APPLICATION OF MICROORGANISMS ISOLATED FROM FIBER CEMENT ROOFING SHEET WASTE AS A POTENTIAL HEAVY METAL REMOVAL AGENT
Author: BALOGUN, Catherine Ese
Potential of heavy metal removal by indigenous microorganisms obtained from fiber cement roofing sheet waste was examined. The pH, electrical conductivity and metal concentrations were determined using pH meter, electrical conductivity meter and Atomic Absorption Spectrophotometer respectively. Enumeration and isolation of microorganisms were by pour plate method while identification was by standard microbiological protocol (Gram reaction, morphology and biochemical test). The ability of bacteria and fungi isolated to utilize the fiber cement waste as growth medium was tested. A total of fourteen (14) bacterial species and 7 fungal isolates were identified. Bacillus and Proteus species (bacteria), Rhizopus and Microsporium (fungi) were selected for the waste treatment tests based on their ability to grow on fiber cement waste medium. The Minimum Inhibitory Concentration (MIC) of the metals on the growth of bacterial and fungal isolates were subsequently determined. The MIC values for Bacillus, Proteus, Microsporium and Rhizopus species were 300mg/ml, 250mg/ml, 450mg/ml and 400mg/ml for Nickel; 250mg/ml, 350mg/ml, 450mg/ml and 400mg/ml for Chromium; 900mg/ml, 1000mg/ml, 700mg/ml and 750mg/ml for Cadmium respectively. The percentage reduction of Cadmium in treated samples with single isolates ranged from 5-33%; Chromium, 6- 49% and Nickel, 4-23%, percentage reduction in treatment with all bacteria was Cadmium 22- 56%; Chromium, 16-60% and Nickel, 5-37% while for all fungi the values were Cadmium 18- 50%; Chromium, 17-56% and Nickel, 4-28%. The treatment with consortium of the isolates had the higher efficiency in the heavy metal reduction. Percentage reduction of Cadmium, Chromium and Nickel by the consortium was 31-75%, 20-78% and 7-52% respectively. When compared to the untreated samples, biological treatment with the selected isolates significantly (t-test, p<0.01-p reduced the heavy metals to varying levels. The efficacy of the treatment was assessed by seed germination (beans and maize) in treated samples using germination index. Although analysis of variance (F 0.06-8.41, showed that the seeds germinated better in treated waste samples as indicated by one way ANOVA. Germination of the seeds improved and not significantly different from germination in untreated samples. It can therefore, be concluded that a biological treatment consortium comprising indigenous strain of Proteus Bacillus, Rhizopus and Microsporium species emerged from this study to be an effective, ecologically friendly and cost-effective treatment alternative since the consortium demonstrated a higher percentage of heavy-metal removal. This study demonstrates that microorganisms from fiber cement waste, soil without fiber and waste dumpsite have potential to be used as an alternative bioremedial tool for treating fiber cement waste containing contaminated with heavy metals.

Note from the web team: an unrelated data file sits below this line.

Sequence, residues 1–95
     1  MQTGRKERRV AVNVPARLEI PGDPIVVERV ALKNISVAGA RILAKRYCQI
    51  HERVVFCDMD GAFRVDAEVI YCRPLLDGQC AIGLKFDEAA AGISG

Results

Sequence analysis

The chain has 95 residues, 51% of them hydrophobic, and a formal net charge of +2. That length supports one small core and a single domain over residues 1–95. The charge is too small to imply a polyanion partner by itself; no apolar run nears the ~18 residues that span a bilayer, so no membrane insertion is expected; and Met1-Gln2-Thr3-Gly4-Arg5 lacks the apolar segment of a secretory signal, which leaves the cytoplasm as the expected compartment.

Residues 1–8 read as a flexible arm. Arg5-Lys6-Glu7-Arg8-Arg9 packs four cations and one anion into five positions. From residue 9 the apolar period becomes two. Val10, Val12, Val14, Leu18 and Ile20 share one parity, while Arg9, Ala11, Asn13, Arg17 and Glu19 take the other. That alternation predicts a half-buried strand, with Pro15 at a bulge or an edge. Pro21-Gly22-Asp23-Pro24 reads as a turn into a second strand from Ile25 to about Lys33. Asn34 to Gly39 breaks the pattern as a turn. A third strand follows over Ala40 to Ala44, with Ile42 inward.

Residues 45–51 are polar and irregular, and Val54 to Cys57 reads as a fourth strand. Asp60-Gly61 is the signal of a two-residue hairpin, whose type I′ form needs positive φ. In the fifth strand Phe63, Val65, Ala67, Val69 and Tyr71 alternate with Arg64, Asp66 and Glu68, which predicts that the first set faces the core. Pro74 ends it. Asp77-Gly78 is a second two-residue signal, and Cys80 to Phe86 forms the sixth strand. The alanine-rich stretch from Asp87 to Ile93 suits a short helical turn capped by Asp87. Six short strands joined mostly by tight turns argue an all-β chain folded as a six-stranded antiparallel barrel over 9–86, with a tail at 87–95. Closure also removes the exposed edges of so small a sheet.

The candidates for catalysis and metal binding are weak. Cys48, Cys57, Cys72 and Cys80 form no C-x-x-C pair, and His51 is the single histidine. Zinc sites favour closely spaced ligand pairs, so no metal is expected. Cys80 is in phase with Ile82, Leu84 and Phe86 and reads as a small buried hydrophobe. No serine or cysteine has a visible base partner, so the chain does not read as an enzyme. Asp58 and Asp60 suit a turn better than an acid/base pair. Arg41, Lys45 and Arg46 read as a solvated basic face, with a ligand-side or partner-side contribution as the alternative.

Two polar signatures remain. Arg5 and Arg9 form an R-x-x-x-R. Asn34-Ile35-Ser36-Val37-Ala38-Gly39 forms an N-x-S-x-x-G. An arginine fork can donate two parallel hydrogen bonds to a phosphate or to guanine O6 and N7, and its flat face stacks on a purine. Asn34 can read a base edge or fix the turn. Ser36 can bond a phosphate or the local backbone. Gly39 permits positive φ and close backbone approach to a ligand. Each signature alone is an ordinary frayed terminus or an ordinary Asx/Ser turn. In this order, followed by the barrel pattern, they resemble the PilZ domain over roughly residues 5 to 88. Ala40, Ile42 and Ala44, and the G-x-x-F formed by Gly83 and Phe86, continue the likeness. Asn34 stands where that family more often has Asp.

Supervisor: DR. (MRS.) O.O. AKPOMIE